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Geopolitical bias blinds India to benefits of cooperation with China

By Liu Jianxi
China denied accusations that its military helicopters had violated India’s airspace on Monday. Reports from India claimed that the Chinese aircraft had been seen hovering over the “Barahoti sector” of the China-India boundary. China’s foreign ministry responded to the reports, saying they were “regular border patrols” on the Chinese side of the Line of Actual Control.
Indian media has no need to make a fuss over China’s routine military activities. Indian Prime Minister Narendra Modi commented at the St Petersburg International Economic Forum that “It is true that we have a border dispute with China. But in the last 40 years, not a single bullet has been fired because of [the] border dispute.”
China welcomes Modi’s remarks. Beijing and New Delhi have been exercising restraint over the border issue. A number of dialogue mechanisms, at governmental and non- governmental level, have been established to strengthen communications. The Sino-Indian Nathula Border trade channel was opened to boost bilateral trade, and meanwhile, China has put forward the Belt and Road initiative to aid regional connectivity. Beijing sincerely hopes that New Delhi can play a part in and benefit from the infrastructure initiative.
However, New Delhi is over-concerned about Beijing’s intentions, and there are even critical voices in India against Modi’s China-friendly remarks. It is because New Delhi still views the bilateral relationship with China from the lens of geopolitics and regards Beijing as a strategic rival. Every time China reaches out to strengthen cooperation with countries regarded by India as within its sphere of influence, India worries the cooperation is deliberately targeting it.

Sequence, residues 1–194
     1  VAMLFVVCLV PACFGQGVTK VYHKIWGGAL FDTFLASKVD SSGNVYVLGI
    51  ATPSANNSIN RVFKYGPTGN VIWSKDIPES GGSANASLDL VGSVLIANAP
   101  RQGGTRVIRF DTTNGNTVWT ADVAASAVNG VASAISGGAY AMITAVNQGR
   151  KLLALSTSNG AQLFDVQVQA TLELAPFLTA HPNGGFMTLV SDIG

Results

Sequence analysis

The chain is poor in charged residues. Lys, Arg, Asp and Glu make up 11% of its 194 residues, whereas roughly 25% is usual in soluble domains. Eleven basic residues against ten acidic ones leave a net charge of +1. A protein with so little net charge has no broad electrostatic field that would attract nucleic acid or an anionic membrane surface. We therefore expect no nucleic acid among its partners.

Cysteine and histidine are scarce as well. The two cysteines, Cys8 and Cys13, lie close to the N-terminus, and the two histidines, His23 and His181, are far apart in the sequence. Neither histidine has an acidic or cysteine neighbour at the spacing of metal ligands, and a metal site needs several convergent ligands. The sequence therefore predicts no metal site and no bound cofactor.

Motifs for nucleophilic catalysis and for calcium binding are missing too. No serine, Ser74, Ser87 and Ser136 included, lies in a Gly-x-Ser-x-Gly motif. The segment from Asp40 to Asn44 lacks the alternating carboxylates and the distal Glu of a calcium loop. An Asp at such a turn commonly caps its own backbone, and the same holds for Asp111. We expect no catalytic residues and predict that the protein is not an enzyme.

The reality is China’s expanding cooperation is driven by China’s economic growth. In fact, more and more Chinese enterprises are interested in investing in India. If New Delhi can understand China’s connectivity initiative from the perspective of regional development, this will help enhance mutual trust between the two countries.
Beijing’s infrastructure initiative aims to promote the global economy by enhancing regional connectivity and building cohesive trade networks, and does not target any third party. An increasing number of countries welcome the Belt and Road initiative and are willing to hitch a ride on China’s rise.
Strengthening mutual trust, a prerequisite to deepened cooperation, is a priority at present. More consultations are needed to handle border disputes, and Indian media outlets should avoid misinterpreting China’s regular activities. The two sides can cooperate on projects that are not sensitive if historical issues cannot be immediately solved. The steady and sound development of China-India relations will benefit not only the two countries and peoples, but also the region and beyond.

(Global Times)

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